From an undisclosed location overseas, expatriate NZer Suzuki Samurai muses on the embarrassment of being outed as a kiwi...
When living away from your place of birth, after being asked your name most people ask where you’re from. These days, I mumble the answer. I wish they'd guess a couple of alternatives so I can simply say “Yes.”
I'm often accused of being either English or Australian, not uncommon for a New Zealander I guess. (Oddly enough the only time someone has guessed right was when a turbaned shopkeeper in Manhattan asked me where in New Zealand I was from?!? True story. It turns out this delightful fellow's brother [which can mean cousin, neighbour or friend] owns – you guessed it – a dairy in South Auckland).
So why, I ask myself, is the very idea of proudly (or at least audibly) stating that I come from New Zealand such a struggle for me now?
Once upon a time I was as fierce a nationalist as anyone, frothing at the mouth in derision at anyone who didn't know at least the first verse to the national anthem; or pointing my finger in accusation of any recalcitrant who didn't show sufficient deference to the flag. Blah blah pavlova phar lap blah blah blah.
I'm embarrassed when I think back to me then. Nationalism at the time seemed to me an excellent alternative to thinking.
Anyway, so again, why? I think my antipathy developed for three basic reasons:
- seeing other Anglo/American expats “proudly” making nationalistic dicks of themselves; and
- how New Zealanders, especially skinny white ones, seem to find it necessary to take their shirts off and 'perform' the haka in pubs and on the street in foreign countries; and
- being from somewhere does not necessarily define what I think and do.
[Why does Dave Dobbyn get a free pass? – Ed.]
This week's cringe on this topic came from the NZ Herald's report on American magazine show 60 minutes doing a story about the All Blacks, along with the learned commentary about the alleged importance of the haka in their match performance. If you are not cringing yet, just watch Dame John Kirwan make a twat of himself. Again.
What a bunch of unmitigated bollocks.
The All Blacks were dominating the game even when the Haka was simply comical (look at the news reels of just 40-60 years ago for wee laugh). We were dominating even when Terry Wright and Alan Hewson were jumping up and down and waving their arms a-rhythmically.
But now that the haka is a more well-practiced demonstration of stone-age psychotic lunacy, the story going around is that it’s critical to esprit de corps.
Essential to esprit de corps? Tell that to the All Skinny Whites who helped tip Italy out of the last soccer World Cup despite forgoing the haka. (“''Skinny white guys doing the haka?'', said captain Ryan Nelsen, shaking his head when asked whether his team would be putting on a show of pre-match mental muscle. ''Mmm. Very intimidating'.'') Essential to victory? Tell that to the NZ Rugby League team which loses often, embarrassingly, by huge margins, usually while complaining pre-test that they don't spend enough game-time together -- yet find plenty of time to bond while practicing jumping up and down, clapping hands, and poking out their tongues as if garroted.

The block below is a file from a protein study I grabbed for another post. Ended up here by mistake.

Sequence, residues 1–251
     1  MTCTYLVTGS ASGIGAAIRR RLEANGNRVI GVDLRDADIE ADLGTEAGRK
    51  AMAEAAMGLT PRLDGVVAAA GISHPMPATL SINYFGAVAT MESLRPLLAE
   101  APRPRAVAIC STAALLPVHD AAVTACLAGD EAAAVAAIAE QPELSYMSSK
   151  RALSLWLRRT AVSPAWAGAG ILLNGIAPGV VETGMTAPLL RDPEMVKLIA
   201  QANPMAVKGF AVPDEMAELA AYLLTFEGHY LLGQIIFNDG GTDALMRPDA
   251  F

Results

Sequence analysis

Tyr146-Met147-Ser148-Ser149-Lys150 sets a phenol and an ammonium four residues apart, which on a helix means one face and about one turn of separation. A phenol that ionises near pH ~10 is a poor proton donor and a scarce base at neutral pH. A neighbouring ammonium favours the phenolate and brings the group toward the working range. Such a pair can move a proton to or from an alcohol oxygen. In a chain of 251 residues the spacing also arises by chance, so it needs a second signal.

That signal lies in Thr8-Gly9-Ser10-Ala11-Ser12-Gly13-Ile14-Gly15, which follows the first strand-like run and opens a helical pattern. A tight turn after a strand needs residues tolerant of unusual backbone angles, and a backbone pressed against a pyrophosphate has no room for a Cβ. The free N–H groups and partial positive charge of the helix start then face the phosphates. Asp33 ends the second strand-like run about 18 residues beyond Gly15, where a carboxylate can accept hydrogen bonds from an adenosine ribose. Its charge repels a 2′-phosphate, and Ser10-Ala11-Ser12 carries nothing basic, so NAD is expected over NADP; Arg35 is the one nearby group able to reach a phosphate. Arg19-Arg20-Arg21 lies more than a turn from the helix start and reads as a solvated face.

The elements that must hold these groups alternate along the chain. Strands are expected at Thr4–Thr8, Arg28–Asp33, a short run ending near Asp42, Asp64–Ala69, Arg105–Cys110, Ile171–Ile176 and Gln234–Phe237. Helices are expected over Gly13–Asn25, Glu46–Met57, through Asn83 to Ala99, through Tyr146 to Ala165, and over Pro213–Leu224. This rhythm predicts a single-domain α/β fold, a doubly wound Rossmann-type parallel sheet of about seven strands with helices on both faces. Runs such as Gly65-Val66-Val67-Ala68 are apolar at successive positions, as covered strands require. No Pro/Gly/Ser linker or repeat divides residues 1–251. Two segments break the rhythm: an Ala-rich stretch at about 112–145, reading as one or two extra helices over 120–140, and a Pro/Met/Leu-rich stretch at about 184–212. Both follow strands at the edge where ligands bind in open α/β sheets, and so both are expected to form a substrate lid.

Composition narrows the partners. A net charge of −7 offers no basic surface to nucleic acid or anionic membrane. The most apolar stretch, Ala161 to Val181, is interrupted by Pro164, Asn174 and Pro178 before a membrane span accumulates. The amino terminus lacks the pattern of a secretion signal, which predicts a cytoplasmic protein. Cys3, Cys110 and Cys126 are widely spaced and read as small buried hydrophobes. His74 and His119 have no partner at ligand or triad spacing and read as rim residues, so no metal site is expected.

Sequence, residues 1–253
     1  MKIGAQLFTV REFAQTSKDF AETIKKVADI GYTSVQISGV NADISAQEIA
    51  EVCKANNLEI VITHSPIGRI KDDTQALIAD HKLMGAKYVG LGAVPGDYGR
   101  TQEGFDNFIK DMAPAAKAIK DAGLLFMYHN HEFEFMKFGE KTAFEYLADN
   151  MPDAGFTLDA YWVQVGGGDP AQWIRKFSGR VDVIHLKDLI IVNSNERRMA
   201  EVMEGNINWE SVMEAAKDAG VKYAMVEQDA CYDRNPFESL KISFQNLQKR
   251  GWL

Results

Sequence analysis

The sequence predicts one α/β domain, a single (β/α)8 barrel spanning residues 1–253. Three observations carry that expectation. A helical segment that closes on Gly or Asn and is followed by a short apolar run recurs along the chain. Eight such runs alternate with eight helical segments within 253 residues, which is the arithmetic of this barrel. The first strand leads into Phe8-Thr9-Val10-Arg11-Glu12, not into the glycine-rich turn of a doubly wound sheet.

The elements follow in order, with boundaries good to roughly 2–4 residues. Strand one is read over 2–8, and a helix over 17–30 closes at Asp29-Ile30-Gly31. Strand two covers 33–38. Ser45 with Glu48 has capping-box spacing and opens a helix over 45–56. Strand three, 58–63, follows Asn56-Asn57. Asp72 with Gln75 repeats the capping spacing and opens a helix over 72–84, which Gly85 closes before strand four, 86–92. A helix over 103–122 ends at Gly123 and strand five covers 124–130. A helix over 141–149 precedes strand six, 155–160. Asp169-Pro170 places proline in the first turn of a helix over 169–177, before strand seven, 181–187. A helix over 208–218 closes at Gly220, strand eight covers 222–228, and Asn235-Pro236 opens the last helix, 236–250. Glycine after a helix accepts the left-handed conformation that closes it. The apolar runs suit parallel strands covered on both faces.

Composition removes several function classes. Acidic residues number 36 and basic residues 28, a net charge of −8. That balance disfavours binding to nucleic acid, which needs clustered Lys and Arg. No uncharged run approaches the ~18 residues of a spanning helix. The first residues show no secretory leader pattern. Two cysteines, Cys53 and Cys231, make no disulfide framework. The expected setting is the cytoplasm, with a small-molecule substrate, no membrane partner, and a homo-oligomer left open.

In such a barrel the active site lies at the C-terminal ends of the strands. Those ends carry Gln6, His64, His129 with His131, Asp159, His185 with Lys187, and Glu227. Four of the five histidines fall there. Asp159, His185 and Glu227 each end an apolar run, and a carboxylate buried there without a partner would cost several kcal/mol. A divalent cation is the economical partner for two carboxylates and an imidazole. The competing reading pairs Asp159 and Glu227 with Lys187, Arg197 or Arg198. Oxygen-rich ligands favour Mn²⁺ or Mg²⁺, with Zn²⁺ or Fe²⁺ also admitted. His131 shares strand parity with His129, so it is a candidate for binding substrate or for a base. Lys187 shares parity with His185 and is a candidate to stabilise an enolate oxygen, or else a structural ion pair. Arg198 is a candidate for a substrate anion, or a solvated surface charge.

Of course nothing compares to the truly bizarre spectacle of wheelchair-bound basketball players engaged in this stupidity.
However, I'd not like to see the haka leave the game entirely as there is some entertainment merit in it -- as demonstrated by the Mexican softball team's response to it years ago when some of their players started rolling around on the ground laughing while others did cartwheels. Yes, it happened, and I'd have paid money to see it. Or the sight of David Campese kicking the ball to himself under the goalposts while a bunch of blokes in black danced badly at the other end. Or the very funny occurrence at a sports match in Utah where a sheriff, upon seeing a group of Samoans hakaing, thought they were rioting so started to pepper spray and attempt to arrest the 'rioters.'
Brilliant fun, not to be abandoned altogether. In fact, I think the IRB should double down on the entertainment value by making pre-match jumping up and down and hand clapping mandatory for every team – the Irish could juggle pints of Guinness and then play the first half with a large potato – there obsession with that vegetable would make them a fearsome opponent, especially when drunk. Also when drunk (not being limited to any given occasion of course), the Scots could do a pre-match simulation of a traditional Glaswegian wedding -- the head-butting and inter-team stabbing would surely psych them up, if not their opponents. The English’s Morris dancing, naturally, would surely bore their opponents out of the game. Not so the French can-can, especially if guest stars allowed. Meanwhile, the Fijians could show us their contemporary war dance called the coup d'état.
But I digress.
Really though, I do think I'd like to be proud of where I come from. But I still have to figure out what that means. So as a start I propose an idea for a new NZ flag that might make me proud again if it were truer. It is inspired by the turbaned shopkeeper I met in New York, and by believers in trade and open societies wherever they may exist. It is this:
Long may it fly.
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Suzuki Samurai is NOT PC’s roving correspondent from all places north and west. He is currently renovating the David Campese memorial dancing trophy in northwest Paraburdoo.